This is becoming a broader arc. Start here and work your way through Parts 1 and 2.
Next up in our discussion about responsible decision making and value chains is the reality of just how messy modern businesses are. However daunting it may first appear, the messiness is all the more reason we need a framework to make sense of the noise.
It is always fair to ask, “Where am I, what am I doing, and why am I doing it?” Everyone is fallible. If you own your own business, you already know the required level of humility (hopefully), and if you work for someone else, well, Dilbert and The Office exist for a reason. The world changes, so we need to regularly reassess our position in it.
Question 1: Who is YOUR customer? Is it the end-user of the product? If so, you’re a distributor/curator. If they (your customer) are the distributor/curator, you’re a supplier/creator.
Question 2: Where is your product on the “commodity – one of a kind” continuum? Is it a totally generic widget, a luxury good, or a decent quality for the price (in the middle)?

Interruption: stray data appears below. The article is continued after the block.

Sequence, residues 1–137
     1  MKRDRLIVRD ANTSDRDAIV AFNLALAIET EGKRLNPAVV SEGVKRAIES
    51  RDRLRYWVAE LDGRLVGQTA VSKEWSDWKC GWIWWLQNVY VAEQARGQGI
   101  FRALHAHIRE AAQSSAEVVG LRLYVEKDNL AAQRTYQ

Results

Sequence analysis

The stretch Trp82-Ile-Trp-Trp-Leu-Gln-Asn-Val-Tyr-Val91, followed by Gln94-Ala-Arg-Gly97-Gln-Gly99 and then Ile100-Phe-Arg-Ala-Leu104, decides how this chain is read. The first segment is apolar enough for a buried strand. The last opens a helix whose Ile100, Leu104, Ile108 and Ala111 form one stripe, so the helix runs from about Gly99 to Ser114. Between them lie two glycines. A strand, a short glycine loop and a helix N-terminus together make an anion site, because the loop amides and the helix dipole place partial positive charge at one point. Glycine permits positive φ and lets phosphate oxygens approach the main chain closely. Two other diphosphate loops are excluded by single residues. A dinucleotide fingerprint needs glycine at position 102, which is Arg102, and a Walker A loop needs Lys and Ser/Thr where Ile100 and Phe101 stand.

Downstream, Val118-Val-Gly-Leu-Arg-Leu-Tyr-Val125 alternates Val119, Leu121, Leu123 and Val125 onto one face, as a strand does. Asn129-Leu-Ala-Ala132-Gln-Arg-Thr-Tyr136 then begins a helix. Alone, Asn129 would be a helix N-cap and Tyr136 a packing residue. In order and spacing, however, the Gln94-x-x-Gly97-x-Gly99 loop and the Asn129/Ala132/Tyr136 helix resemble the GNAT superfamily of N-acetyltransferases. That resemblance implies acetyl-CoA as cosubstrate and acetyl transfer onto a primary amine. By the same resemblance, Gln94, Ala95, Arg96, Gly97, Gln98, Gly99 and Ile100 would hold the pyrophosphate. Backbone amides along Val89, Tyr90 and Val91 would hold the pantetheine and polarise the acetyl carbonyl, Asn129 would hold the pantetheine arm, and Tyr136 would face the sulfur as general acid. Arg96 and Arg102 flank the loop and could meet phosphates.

Question 3: Is your value chain a distributor-linked chain, or a curator-linked chain?
Question 4: How is your marketing message informed by your answers? If you supply a distributor, does your narrative remind them of how amazing your price is compared the competition? If you curate luxury items, do you sell your creators and users on the special access you provide them?
You can probably tell that this where things get messy. There are layers to various scenarios we can start to play out. Maybe you are a distributor, but sometimes you work with a curator to access your end users. Does dealing with users directly versus through a curator influence your messaging? Probably. There’s a lot of fine-tuning that needs to be applied once you have your framework in place.
Confusion frequently stems from misinterpretation of these roles. You might lose a customer because they thought you were a distributor of a commodity and you failed to educate them that you’re actually a curator of a luxury service. A supplier might mistake themselves for a curator when they’re really just supplying a distributor and should be focused on how they fit into the end-user experience.
The good news is that education wins the day, so knowing these questions will help troubleshoot value chain problems. Up next we’ll turn back to intent.
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